Obinna Eze, OT TCU | NFL Screening Report

Once considered a high potential offensive tackle prospect from Memphis, Obinna Eze has now moved to TCU, where he will look to update his NFL Draft spotting report and realize its much appreciated positive side. Eze has a lot of positive traits, but there is still a lot to work on. What is Eze’s outlook for 2020 and where does it need to improve?

Obinna Eze NFL Draft Profile

  • Position: offensive tackle
  • School: TCU
  • Current year: Redshirt Senior
  • Height: 6’8 ″
  • Weight: 334 pounds

Obinna Eze Scouting Report

If recent history continues until 2021, there are few schools that Eze could have chosen to pursue his career that would have been better than TCU. The Horned Frogs have a surprisingly strong track record when it comes to producing offensive line prospects. Over the past decade, TCU has developed personalities like Marcus Cannon, Halapoulivaati Vaitai, Joseph Noteboom, Matt Pryor and current Chiefs starter Lucas Niang.

Looking back, horned frogs seem to have some type of tackle. They often prefer long, athletic bookend blockers, and that’s exactly what Eze is. When it comes to physical traits, Eze has a solid profile with a lot of strengths. What does this physical profile involve and, more importantly, how is it used?

Obinna Eze’s athletic profile

It doesn’t take long to see that Eze has great potential. The TCU OT is approximately 6’8 ″, 334 pounds, with an impressive build. It has an extremely long, high-hip frame with huge reach and a solid, densely built base. Her upper body is a bit thinner than her lower body, but Eze’s length gives her great natural leverage.

Some tackles the size of Eze don’t have the mobility to be successful, but Eze doesn’t fall for this trap. The TCU OT has great snap speed and mobility to be a traction blocker on racing games. He also exhibited fluid lateral mobility and freedom before the second level. In addition, Eze has good corrective athleticism. He can engage indoors and then switch to outdoor rushers as the games develop.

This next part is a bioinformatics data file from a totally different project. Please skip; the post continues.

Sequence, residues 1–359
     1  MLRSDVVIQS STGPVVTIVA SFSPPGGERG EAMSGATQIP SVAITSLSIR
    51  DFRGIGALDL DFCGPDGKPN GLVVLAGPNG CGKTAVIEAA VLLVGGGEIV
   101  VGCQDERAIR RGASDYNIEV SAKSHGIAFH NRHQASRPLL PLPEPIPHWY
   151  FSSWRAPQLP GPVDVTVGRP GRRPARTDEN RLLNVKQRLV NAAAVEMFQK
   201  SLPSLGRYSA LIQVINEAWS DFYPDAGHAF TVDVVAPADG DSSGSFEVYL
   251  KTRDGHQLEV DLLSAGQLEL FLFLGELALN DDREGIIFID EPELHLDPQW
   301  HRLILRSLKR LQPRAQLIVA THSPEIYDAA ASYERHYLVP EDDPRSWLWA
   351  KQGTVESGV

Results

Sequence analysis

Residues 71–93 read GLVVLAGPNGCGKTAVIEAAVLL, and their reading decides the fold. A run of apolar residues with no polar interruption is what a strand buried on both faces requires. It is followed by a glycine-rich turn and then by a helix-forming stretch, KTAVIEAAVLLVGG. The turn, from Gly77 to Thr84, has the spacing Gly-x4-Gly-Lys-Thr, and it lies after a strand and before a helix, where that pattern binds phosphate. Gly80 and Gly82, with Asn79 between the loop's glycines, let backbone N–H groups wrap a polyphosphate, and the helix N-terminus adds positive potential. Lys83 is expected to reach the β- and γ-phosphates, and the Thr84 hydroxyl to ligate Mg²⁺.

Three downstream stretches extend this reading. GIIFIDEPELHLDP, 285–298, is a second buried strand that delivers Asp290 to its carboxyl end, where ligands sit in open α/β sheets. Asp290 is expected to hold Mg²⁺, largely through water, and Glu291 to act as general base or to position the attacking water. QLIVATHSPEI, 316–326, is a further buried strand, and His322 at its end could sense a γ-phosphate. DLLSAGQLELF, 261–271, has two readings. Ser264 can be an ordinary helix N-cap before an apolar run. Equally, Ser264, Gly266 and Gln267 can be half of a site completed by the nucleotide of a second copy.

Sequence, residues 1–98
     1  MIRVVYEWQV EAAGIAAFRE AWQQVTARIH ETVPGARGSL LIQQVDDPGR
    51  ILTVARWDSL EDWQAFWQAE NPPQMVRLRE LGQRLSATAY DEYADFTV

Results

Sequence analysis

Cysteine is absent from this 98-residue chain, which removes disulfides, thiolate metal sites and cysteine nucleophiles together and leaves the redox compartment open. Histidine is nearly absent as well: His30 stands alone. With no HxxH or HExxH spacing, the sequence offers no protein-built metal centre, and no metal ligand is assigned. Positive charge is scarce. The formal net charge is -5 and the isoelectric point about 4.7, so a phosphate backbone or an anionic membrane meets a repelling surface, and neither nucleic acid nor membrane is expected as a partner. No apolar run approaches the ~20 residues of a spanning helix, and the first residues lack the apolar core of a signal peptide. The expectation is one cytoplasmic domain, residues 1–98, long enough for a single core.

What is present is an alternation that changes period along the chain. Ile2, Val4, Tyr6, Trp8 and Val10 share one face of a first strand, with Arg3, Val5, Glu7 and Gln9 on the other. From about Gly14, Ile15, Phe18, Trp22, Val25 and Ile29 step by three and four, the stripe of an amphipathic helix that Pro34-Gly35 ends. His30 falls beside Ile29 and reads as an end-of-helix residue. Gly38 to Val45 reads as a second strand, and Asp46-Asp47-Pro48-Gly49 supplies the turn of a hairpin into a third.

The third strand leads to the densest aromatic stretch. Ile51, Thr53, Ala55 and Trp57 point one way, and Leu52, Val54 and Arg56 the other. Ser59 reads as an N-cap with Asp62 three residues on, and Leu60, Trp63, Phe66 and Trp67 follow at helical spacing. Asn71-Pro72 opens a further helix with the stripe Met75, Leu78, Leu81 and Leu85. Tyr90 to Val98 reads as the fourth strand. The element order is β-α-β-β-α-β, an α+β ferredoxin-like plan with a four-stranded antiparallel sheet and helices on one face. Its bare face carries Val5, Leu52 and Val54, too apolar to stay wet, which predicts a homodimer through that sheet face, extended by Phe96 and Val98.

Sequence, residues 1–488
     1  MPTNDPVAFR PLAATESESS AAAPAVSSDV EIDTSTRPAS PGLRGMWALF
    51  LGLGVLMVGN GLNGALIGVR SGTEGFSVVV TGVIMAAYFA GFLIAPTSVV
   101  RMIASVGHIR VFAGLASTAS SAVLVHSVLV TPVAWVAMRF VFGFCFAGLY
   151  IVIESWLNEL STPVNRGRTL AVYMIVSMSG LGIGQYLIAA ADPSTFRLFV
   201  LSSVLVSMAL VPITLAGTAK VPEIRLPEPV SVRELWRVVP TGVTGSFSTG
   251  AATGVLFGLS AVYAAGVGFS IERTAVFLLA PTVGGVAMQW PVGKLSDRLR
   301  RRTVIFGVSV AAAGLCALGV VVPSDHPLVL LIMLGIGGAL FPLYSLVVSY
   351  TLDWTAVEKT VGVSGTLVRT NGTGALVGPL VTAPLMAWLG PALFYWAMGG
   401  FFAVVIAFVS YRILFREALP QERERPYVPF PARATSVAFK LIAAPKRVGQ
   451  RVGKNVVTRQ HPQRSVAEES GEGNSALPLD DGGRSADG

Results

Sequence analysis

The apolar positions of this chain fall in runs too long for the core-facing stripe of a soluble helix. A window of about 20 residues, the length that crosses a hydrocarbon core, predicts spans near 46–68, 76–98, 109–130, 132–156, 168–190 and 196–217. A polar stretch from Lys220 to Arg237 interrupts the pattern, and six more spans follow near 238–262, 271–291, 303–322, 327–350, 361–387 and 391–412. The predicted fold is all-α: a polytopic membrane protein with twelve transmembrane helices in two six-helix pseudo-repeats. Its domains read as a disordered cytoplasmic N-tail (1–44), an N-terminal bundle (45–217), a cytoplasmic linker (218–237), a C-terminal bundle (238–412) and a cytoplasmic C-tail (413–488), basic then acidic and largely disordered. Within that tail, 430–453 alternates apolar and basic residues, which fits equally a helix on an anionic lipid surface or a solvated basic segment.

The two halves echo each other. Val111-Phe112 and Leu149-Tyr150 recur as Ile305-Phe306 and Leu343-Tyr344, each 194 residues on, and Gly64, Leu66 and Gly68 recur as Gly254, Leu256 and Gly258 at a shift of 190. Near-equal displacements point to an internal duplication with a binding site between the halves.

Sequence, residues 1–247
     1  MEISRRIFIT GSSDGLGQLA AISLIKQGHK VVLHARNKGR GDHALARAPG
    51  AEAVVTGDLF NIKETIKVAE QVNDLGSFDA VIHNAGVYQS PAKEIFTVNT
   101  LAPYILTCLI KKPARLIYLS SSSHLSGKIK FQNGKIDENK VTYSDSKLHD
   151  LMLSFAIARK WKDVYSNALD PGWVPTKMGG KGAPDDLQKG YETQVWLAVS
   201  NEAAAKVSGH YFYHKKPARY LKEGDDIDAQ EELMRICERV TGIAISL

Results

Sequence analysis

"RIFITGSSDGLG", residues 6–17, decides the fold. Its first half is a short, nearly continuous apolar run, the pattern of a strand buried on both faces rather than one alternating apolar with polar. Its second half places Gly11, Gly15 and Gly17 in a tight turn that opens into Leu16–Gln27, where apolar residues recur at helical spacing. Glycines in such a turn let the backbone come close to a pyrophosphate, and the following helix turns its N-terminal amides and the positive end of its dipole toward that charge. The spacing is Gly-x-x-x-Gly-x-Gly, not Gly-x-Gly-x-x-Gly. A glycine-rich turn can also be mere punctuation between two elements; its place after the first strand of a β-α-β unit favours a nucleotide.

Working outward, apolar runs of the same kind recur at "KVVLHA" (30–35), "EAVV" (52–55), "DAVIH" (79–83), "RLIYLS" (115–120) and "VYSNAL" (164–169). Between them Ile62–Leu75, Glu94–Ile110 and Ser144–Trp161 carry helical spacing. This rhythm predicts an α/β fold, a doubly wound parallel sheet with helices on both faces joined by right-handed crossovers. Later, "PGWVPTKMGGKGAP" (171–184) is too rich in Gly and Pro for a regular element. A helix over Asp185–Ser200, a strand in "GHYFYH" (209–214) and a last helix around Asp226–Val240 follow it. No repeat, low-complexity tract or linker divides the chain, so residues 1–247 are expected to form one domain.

Eze’s size and athleticism combine to form an exciting mix. As a passing protector, Eze turns his hips and directs defenders out of the pocket with his length. On running sets, its length – combined with regular leg workout when anchored and good incline as a ascender – equates to tantalizing people-moving potential.

Execution beyond physical traits

When a player has more advantage than refinement, general terminology refers to that player as believed. For Eze, however, this term is a bit too harsh. As we’ll see, it still has room for development, but it also already has some exciting operational traits in its arsenal.

Most notably, Eze’s hands greatly impressed the tape that was watched. The TCU OT has shown that it can fight counters with quick and efficient hands. He has impressive moments of concentration and hand coordination when denying rushes, and he clearly has the ability to use fast and powerful hands. In addition, its length provides an excellent conduit with which it can generate artificial energy.

To take it further, Eze can stack hand movements and target weak spots in defensive linemen. He keeps his elbows as a pass protector to maximize potential energy and extension strength. Considering its natural leverage, correctly executed extensions by Eze have a ton of power. It also has the ability to attack, disengage, and stack blocks quickly in open fields.

Among other things, Eze plays with a solid knee flexion and he lowers his cushion level well for his height. He also possesses the awareness of recognizing the extra rushers that creep through.

Areas of improvement

The potential is immense with Eze, but there are several areas where he could improve. More specifically, its positioning, the efficiency of the movement and the consistency.

For Eze, the effectiveness of the movement might be the most pressing issue. Although he is a good athlete, he has tension in his hips at times and he can also be stiff when changing direction. Her footwork can be jerky when pairing around the edge, and her weight transfers can be smoother.